Tecate Map – Lookup Address / Location
Things to See and Do in Tecate
1. Parque Hidalgo – the Main Plaza
Most “Tecatenses” would tell you that this tree lined, central plaza is the heart and soul of their community with much of Tecate’s social and even political life still centered around Parque Hidalgo with it’s welcome shade and colonial gazebo, taco stands, ice cream parlors and street vendors still surrounding the plaza, along with small coffee shops and bakeries, all providing the perfect backdrop to just sit and watch this pleasant and quaint town go about its daily business.
While sitting there, it’s easy to feel how little has changed in Tecate since the early 20th century, taking you back deep into México in some colonial city, not less than half a mile from the U.S. border. You can also find more information about the activities available locally at the tourist office that’s across the street, facing the park.
Calle Ortiz Rubio y Callejón Libertad s/n, Downtown.
2. The Tecate Brewery
Just a few blocks from the plaza and the largest structure and the most famous employer in town, the Tecate Brewery is the town’s centerpiece, standing out more than any other landmark in the city. The brewery makes a LOT of beer, over forty million liters each month with none of it currently being exported to the U.S.
In 1943, Alberto Aldrete would take over a local business producing vegetable oil in a brick building built in 1929 and from there he would start up a small malt brewing operation on the side. His brew became popular locally and would name his artisanal beer after the town, establishing its new enterprise as Cervecería Tecate in 1944.
The brewery brought prosperity to the town and by 1947, started exporting to Asian and American markets. In 1954, the company was bought out by Cuauhtémoc Moctezuma Brewery, expanding its market and introducing the “easy open” cans to Mexico in 1964. The boost from the new management and convenient presentation gave the beer a great new market and their logo became ubiquitous at beer depots, on table tops and the backs of folding chairs at road-side restaurants and supermarkets all around Mexico.
The Tecate brew imported into the U.S. definitely tastes different and is made in Monterrey, Mexico, with different water and less alcohol than its Tecate-bottled, spring-water brew, explaining why so many tourists take as much Tecate back home as they can get through customs.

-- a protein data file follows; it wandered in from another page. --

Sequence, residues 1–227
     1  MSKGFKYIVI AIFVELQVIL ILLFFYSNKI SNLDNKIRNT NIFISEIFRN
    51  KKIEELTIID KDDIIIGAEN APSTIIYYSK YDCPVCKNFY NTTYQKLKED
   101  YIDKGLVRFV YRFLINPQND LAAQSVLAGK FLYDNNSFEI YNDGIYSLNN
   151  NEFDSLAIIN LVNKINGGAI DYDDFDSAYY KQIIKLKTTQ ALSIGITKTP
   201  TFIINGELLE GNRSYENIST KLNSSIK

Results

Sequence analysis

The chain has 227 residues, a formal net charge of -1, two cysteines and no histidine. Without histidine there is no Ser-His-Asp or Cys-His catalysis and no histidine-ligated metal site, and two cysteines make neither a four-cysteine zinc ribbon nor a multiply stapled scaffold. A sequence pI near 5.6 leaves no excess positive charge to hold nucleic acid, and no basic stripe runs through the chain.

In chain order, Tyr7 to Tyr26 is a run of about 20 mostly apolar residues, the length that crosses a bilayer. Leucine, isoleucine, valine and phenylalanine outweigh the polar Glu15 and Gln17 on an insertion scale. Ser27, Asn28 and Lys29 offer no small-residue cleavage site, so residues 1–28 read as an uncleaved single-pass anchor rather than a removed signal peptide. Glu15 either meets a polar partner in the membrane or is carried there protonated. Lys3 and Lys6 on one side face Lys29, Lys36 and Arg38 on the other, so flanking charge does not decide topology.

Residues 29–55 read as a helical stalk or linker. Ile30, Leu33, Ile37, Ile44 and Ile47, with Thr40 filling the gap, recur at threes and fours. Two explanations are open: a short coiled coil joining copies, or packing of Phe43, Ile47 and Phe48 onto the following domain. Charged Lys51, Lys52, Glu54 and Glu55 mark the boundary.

There are scheduled tours of the brewery but you need to make a reservation prior by phone and be sure to specify your language preference. The tour gets you a free beer from the adjacent beer garden, which is open Monday through Friday, 10am–5pm and Saturday from 10am–2pm.
Tour hours are a bit more limited.
Blvd. Oscar Bailón Chacón No. 150, Tecate, Baja California
3. Rancho La Puerta
For those fortunate enough to not have to ask how much something costs first before handing over their credit card, Rancho La Puerta offers a one-of-a-kind, legendary wellness retreat that has been pampering its guests for over 80 years.
Over the years, Rancho La Puerta has grown into a world-renowned fitness resort and spa offering week-long vacations to help their guests reacquaint themselves with exercise, eating organic, vegetarian meals and relaxation. Over 4,000 acres of land surrounds you in a beautiful natural setting of mountains and meadows.
Resort guests are housed in casitas (cottages among spectacular gardens, pools and a 5-acre organic farm with over 40 miles of hiking trails on the property and the resort has been consistently ranked among the world’s best destination spas.
Carretera Mexicali-Tijuana K.M, 136.5, Rancho la Puerta, 21520 Tecate, B.C.
Vintage Tecate from the 1940’s
4. La Rumorosa
Awaiting you on the road between Tecate and Mexicali lies a natural wonder that’s not to be missed. The effects of erosion on the Sierra de Juárez create some of the strangest, most spectacular landscapes you’ll ever see in your lifetime.